A few months ago I wrote about SeeClickFix, an online web tool that allows citizens to report problems in their neighborhoods to their city governments and track the issue until it is fixed. And while I think there is something to be said for holding a city accountable for maintaining its public space, the fact of the matter is… sometimes it just doesn’t happen as quickly as you might like.
In most cities, this is a shame. But in some, it has turned out some serious public fun. I’ve recently come across two funky projects that been band-aiding broken infrastructure by turning it into public art–a type of artsy DIY city repair.
Outside the Planter Boxes is a project initiated by Sean Martindale in Toronto to breath fun new life into broken and neglected tree planter boxes lining Toronto’s busy streets.
As Martindale describes it on the project’s website:
We all have stakes in our shared environments, and this public project directly engages with Toronto’s urban fabric. One of the primary intents of the Outside the Planter Boxes project is to encourage more direct participation and interest in our shared public spaces – to demonstrate that the public can play a more consciously active role in how our city is shaped. Hopefully you will find the project reveals possibilities for alternatives and perhaps more biodiversity, creative gestures, and better city infrastructure.
Here are a few examples of those creative gestures. See Outside the Planter Boxes’ website for more:
Beer Box Origami Flowers by Karen Abel
Airport planter by Martin Reis.
Grass Spills by Sean Martindale
Another entitled Projet Nid de Poule (Project Pothole) was started in Paris in 2009 by Juliana Santacruz Herrera, whose work is sort of like road repair meets yarn bombing, plugging potholes with elaborate knit fill-ins.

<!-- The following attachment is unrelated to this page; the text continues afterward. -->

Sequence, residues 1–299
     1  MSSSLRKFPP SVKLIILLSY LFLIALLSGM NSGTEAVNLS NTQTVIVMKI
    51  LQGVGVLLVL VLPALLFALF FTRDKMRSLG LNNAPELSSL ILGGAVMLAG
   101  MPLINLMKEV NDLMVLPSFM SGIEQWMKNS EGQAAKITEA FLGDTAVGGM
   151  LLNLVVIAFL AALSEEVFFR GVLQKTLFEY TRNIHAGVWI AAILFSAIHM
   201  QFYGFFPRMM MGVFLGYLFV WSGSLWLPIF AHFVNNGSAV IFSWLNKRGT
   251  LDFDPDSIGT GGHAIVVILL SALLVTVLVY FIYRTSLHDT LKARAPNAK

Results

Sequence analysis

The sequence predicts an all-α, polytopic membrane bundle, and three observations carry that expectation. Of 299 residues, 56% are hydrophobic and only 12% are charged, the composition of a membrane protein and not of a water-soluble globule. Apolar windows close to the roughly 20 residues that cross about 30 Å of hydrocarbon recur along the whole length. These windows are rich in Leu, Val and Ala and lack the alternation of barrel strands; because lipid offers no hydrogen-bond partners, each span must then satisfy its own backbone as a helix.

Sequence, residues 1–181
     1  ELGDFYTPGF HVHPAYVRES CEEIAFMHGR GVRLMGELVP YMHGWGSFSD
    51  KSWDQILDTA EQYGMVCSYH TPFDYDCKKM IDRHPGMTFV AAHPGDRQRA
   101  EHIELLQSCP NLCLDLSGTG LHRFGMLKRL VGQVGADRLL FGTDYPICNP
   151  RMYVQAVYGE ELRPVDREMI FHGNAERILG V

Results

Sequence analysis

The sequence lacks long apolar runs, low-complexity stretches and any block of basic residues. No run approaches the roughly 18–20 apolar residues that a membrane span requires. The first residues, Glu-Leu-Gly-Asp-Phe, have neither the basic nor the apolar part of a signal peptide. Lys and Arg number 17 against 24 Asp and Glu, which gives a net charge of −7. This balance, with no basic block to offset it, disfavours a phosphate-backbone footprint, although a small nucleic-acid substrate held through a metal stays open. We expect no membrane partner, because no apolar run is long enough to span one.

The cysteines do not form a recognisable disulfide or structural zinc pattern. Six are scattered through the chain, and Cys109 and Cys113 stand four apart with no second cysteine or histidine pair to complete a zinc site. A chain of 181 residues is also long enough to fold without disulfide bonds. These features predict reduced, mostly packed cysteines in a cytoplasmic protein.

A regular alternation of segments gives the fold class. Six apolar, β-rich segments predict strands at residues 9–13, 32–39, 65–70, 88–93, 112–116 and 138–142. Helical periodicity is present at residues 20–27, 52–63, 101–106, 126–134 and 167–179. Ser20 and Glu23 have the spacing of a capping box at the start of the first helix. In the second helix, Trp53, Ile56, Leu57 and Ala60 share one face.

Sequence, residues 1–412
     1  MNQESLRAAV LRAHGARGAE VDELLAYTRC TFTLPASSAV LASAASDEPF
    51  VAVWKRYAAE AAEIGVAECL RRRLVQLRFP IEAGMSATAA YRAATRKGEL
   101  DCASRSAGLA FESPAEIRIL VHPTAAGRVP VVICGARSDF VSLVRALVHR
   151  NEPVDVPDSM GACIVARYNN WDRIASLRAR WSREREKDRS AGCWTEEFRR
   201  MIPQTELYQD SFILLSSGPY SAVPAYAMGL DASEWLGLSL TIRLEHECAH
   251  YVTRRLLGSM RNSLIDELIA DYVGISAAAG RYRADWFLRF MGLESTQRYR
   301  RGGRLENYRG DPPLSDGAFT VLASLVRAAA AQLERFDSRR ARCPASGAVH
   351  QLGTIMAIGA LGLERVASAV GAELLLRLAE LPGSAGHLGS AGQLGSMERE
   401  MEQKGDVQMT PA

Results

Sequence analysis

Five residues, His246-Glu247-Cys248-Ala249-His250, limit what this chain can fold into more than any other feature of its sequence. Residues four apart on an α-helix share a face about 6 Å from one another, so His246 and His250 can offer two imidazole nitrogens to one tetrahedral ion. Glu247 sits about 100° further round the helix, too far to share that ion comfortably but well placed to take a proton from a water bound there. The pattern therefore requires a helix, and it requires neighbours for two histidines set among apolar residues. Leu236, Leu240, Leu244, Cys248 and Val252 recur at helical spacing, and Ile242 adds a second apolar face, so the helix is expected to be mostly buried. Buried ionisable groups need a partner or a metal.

See more of Herrera’s fun, cartoon-like pot-hole repair projects on her Flickr page.
Projects like this make me think about the idea of civic responsibility. Who should ultimately be responsible for the cities spaces? Should we ourselves be taking ownership over the spaces we use every day and be responsible for making and keeping them great? As a beliver in pubic/installation art, and claiming space, I want to say yes. But how much of this responsibility should lie on the citizen? How much can we demand from public officials? Is it their respnsibility to make and maintain great spaces… or the responsibility of those who use them?
These are questions to which I don’t know the answer. But I do know that yarn can only solve so much. It can’t, for instance, fix the broken crosswalk button on the corner of Clarke and Adanac that I reported to SeeClickFix back in April – which I’m happy to report, has been repaired.